1. With regards to healing, I've always read the whole "1 HP recovered per day of rest" to signify the time between sessions. If you get really hurt one week and rest at the end of the session, the next time we play I rule that the party rested for about a week, you get 7 HP back, and we hash out what might have been done in the intervening time.

  2. That is to say, if you play a weekly campaign. If you're playing a West Marches style campaign where each player has another PC or something like Sham's "party" system where you could take control of a hireling, it becomes even less of an issue.

  3. It reads a bit like revising history in order to justify the current state of affairs. That's human nature, sure, but doesn't tend to result in an accurate portrayal of the past. The resulting insights in the status quo do tend to be useful, at least until such an insight relies on accurate history.

    The thing I like about D&D is that is has always been played in such a huge variety of ways, each of which bring different pressures on the players and their choices. Noonan seems to be saying that D&D was only ever played in one way—the way that happens to correspond to the current fighty-fight-fight playstyle that predominates in 4e.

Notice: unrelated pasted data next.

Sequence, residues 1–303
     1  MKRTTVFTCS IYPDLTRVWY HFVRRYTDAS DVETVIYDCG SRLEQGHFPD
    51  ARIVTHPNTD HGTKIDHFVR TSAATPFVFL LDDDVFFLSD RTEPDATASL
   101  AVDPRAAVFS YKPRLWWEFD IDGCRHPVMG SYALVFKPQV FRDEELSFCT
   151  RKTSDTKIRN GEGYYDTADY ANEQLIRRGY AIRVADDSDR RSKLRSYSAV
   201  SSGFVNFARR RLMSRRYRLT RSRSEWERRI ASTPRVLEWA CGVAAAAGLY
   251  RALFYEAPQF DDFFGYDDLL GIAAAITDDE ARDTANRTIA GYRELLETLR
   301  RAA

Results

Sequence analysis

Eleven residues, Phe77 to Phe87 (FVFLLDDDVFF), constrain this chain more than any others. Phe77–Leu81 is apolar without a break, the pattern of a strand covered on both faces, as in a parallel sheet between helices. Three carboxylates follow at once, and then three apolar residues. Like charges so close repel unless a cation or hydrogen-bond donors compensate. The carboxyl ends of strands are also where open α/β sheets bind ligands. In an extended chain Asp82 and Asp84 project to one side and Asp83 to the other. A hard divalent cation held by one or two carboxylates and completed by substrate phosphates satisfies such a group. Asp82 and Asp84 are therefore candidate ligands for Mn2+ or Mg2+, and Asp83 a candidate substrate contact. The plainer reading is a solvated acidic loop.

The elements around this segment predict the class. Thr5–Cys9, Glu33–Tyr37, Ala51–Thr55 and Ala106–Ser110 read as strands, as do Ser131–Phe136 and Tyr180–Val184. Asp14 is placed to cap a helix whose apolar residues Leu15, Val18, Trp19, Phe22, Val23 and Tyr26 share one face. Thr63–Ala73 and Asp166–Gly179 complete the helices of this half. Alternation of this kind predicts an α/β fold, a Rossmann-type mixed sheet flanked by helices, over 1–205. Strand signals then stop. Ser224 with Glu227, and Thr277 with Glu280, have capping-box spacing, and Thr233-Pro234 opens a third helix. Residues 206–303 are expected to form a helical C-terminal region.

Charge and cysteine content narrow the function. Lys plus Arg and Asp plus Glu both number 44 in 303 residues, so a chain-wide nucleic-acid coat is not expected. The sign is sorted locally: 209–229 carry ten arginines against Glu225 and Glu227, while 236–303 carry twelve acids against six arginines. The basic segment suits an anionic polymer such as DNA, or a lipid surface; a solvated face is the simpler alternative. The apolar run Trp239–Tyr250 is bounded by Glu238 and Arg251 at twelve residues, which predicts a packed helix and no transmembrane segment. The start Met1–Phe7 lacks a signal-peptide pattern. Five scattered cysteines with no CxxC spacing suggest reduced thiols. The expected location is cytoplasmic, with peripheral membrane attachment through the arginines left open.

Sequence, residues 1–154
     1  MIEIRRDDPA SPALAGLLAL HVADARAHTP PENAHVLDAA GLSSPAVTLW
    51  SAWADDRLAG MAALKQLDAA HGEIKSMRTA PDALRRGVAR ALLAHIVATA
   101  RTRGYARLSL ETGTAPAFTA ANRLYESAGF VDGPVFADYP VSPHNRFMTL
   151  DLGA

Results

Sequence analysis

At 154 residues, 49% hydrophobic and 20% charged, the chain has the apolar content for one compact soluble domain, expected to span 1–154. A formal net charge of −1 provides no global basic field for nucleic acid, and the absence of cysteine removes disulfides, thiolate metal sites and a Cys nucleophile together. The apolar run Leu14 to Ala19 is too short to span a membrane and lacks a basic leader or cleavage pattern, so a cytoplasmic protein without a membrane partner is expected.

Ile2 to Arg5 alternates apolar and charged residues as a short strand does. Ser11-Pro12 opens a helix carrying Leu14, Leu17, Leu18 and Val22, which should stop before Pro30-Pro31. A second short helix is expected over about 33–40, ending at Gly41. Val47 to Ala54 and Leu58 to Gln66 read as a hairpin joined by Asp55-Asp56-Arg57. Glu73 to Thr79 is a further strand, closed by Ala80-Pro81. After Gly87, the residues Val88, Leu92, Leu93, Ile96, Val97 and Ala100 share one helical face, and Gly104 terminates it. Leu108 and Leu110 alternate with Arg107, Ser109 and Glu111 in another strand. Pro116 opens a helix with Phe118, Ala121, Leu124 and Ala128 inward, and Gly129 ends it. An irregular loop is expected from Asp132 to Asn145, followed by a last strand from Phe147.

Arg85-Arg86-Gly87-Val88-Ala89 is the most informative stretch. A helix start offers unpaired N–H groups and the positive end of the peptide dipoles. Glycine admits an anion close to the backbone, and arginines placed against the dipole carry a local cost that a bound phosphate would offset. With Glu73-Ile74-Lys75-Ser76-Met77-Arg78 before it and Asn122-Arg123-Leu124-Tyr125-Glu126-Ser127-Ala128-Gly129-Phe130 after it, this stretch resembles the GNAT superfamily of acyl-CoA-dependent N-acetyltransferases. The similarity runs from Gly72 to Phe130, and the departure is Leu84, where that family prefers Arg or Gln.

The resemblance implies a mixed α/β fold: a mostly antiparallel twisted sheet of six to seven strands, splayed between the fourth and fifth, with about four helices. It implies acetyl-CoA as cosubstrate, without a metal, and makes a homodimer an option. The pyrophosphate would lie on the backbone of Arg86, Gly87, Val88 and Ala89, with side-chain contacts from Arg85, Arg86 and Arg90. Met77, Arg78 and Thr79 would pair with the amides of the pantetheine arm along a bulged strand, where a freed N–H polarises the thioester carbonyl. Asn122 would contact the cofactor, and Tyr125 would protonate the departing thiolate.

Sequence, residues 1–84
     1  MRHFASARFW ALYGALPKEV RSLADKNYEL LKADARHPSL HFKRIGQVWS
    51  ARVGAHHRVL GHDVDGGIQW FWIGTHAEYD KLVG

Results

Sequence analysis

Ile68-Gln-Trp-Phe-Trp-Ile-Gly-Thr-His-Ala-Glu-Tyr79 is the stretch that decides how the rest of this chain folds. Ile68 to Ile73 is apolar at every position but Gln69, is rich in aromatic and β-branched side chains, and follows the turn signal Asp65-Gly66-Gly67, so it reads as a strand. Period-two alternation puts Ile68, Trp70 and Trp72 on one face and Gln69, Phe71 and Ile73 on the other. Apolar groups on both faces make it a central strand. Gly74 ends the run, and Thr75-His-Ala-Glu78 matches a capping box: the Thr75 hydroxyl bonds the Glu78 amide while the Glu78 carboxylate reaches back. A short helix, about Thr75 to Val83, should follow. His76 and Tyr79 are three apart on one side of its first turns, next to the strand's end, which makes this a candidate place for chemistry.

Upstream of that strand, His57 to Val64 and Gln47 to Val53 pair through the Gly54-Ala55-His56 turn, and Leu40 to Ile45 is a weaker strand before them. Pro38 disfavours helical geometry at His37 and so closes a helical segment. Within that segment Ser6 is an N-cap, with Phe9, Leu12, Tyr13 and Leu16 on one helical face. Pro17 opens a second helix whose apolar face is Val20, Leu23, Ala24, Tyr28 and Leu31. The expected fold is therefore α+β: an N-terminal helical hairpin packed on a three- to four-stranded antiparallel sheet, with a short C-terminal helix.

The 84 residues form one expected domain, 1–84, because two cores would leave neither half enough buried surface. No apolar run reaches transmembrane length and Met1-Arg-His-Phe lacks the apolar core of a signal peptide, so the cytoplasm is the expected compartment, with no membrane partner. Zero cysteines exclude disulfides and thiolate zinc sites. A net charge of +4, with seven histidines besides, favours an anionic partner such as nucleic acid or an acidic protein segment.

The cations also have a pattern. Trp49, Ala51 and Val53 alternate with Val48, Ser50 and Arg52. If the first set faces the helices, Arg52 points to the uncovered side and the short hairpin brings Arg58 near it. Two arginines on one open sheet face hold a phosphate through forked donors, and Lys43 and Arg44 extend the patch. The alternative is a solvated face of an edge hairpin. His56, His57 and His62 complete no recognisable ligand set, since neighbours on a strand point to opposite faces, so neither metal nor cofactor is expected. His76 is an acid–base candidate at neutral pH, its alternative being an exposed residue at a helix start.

Sure, if you're playing D&D in the way that Noonan describes, certain tactics emerge from the pressures that playstyle puts on the PCs and players. If you play in a different way though, those particular roles don't emerge. It follows then that 4e roles aren't going to suit everyone's game.

  4. I'd agree that the basic sentiments are likely true, however I don't like the path that leads from those 'conclusions' to what we see today in 'gaming'.